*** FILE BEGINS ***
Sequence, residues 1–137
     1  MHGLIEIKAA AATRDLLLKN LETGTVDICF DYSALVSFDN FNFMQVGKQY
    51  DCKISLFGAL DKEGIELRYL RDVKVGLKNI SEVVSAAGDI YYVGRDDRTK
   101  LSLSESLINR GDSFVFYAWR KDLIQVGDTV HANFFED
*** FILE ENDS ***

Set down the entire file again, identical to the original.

Sequence, residues 1–137
     1  MHGLIEIKAA AATRDLLLKN LETGTVDICF DYSALVSFDN FNFMQVGKQY
    51  DCKISLFGAL DKEGIELRYL RDVKVGLKNI SEVVSAAGDI YYVGRDDRTK
   101  LSLSESLINR GDSFVFYAWR KDLIQVGDTV HANFFED